Thursday, September 8, 2022

Tim Returns to Minnesota in His Mind (vol. 4)

Hello from Tim once again!

Over the past few years, I've been blogging about reading a lot of Minnesota books, even though I've barely been to that great state. Going to Minnesota in my mind has helped me through our COVID-crazy days, and lately I'm seeing more clearly that life, beginning with 2020, has been seriously hard. So, I've joked in my blogs, including a song that I made up as I added a new verse with each blog (reprinted below, because it still makes me smile). If you've read any of them, thank you! The truth is that I just got excited about those Minnesota books, and many of the authors have done Boswell events. The books keep coming, so here I go... off to Minnesota in my mind.

My first adventure is with an author that’s new to me. Sinister Graves is the third volume in a murder mystery series by Marcie R Rendon, featuring Renee (Cash) Blackbear, a strong 19-year-old woman from Minnesota’s White Earth Ojibwe Reservation who lives across the Red River in Fargo, North Dakota. She’s already experienced a hell of a lot, including abuse from white foster families that called her a heathen. Just before foster care, a county sheriff pulled her impaired mother’s car out of a ditch. He watches out for her and got her into college classes, and Cash has been helping him with his cases. In dreams she sometimes sees things before they happen and finds out things she shouldn’t know. She’s just beginning to learn about it and just starting to live her own life. I like Cash Blackbear a lot, and I feel validated because Louise Erdrich likes Cash Blackbear a lot, too. Rendon is an enrolled member of the White Earth Nation and the truth she delivers from her characters and the landscape is gripping. I started with the third book, but now I’ve already gone back and read the first two. I love finding a cool new series!

My second neighbor-state escape is volume 19 in a series I’ve already grown to love, by William Kent Krueger, a Cork O'Connor mystery with a Northern Minnesota PI who’s got both Irish and Anishinaabe (Ojibwe) heritage. In Fox Creek, Krueger brings the focus back to Henry Meloux, a beloved Ojibwe friend and mentor to Cork who is well over 100 years old. A woman has come to Henry for help, not knowing that she’s been followed to his doorstep. He’ll need every ounce of his skill, vision, and enormous heart to lead her and the people he loves away from the forces on their trail. It may not be enough. Henry knows that one way or another his time to leave this life is near. When Krueger did a Boswell author event a few years back he told us that his indigenous fans say "not bad for a white man" about the way he develops Ojibwe characters. I laughed and felt relieved to hear validation of my true fondness for these fictional people. I’m a fan, and not just of Cork O’Connor. Krueger’s This Tender Land is one of the more beautiful novels I’ve ever read. Krueger will be back at Boswell on September 17th, 4 pm central (click here for more info), and I’ll be there working!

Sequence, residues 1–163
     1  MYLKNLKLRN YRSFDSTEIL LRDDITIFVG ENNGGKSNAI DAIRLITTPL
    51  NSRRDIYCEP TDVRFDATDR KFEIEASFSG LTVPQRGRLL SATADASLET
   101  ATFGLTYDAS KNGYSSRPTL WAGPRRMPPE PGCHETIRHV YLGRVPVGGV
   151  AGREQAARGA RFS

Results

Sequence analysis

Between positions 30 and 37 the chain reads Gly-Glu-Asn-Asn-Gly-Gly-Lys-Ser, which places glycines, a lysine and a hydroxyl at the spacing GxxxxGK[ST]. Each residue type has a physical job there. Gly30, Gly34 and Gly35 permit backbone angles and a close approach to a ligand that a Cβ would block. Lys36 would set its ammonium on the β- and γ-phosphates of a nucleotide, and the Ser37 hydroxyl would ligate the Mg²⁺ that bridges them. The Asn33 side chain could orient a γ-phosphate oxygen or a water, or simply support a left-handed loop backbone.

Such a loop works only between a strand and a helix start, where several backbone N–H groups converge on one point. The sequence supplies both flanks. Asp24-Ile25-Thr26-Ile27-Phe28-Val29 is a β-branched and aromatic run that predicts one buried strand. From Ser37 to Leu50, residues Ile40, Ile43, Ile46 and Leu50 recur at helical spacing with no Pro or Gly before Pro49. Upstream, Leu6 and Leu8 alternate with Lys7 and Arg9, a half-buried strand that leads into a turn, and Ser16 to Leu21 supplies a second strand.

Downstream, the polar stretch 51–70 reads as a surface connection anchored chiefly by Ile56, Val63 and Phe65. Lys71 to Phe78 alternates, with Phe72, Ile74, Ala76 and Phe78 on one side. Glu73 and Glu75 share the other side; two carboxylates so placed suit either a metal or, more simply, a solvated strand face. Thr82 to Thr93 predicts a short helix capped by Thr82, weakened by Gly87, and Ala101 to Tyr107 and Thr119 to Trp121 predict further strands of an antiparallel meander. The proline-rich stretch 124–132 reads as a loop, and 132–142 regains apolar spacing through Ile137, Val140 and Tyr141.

Finally, I’ve developed a great respect, after only two books, for a Minnesota writer name Peter Geye. People seem to know his Wintering novel best. I was very impressed with Northernmost and now equally so with The Ski Jumpers. Families are held together in such strange ways, and Johannes Bargaard has a family stretched so thin he hasn’t seen his beloved brother Anton for decades. Ski jumping is the one thread from their glory days that’s unbroken, but time is running out for Jon and Anton to do more than hide the frightening secrets that pushed them apart. Jon’s been told he has younger-onset Alzheimer’s and doesn’t know how long he’ll be able to trust his own mind or if he can finish writing one last successful novel. Their father’s funeral may be the only time left to fully uncover the bitter past. Geye gets the little details right as he brings his characters’ world to life, and his spectacular winter scenes of ski jumpers taking flight, from Chicago and throughout Minnesota to Madison and Lake Placid, surrounded me with a beautiful literary warmth. Geye will be at Boswell too, on September 25th, 2 pm central (more info here, clicky-click), and I will most certainly be looking for his next book! 

I’m wishing you all the very best as we try to recapture some sense of Earthly sanity (if that ever really existed), and I hope to see you at Boswell soon!

Minnesota in My Mind​
(to the tune of James Taylor's Carolina in My Mind)

In my mind I’m gone to Minnesota.
Can’t you feel the snowfall?
Just leave your boots out in the hall.
Car gets stuck, and then it stalls.
Ya get hit from behind.
Yes, I’m gone to Minnesota in my mind.

Heard some stuff from a Facebook friend who lives there.
When my verse reduced her home to misery in snow.
It’s not a bad place, she said.
For a bit I hung my head.
But held on to a longing for 
this land I’ve never known. 
I’m still gone to Minnesota in my mind. 

With walls of gifted authors all around me, 
still I’m on the dark side of the moon.
And this year of heartache feels 
more like forever.
You must forgive me, if I’m up and gone 
to Minnesota in my mind.

Spring’ll come again to Minnesota.
All that ice is bound to crack.
Free us from this bind.
Frozen brains can thaw at last,
with a little heat from northern writers of all kinds.
Oh, I’m back in Minnesota in my mind.

Once again, it’s Minnesota in my mind…
Say nice things about me ‘cause I’m gone,
gone… gone.
Carry on without me because I’m gone.
I’m… gone.
Gone to Minnesota in my mind.

                                             - Sweet Baby Tim

Oh, and here's the real Sweet Baby James doing the real Carolina in London!

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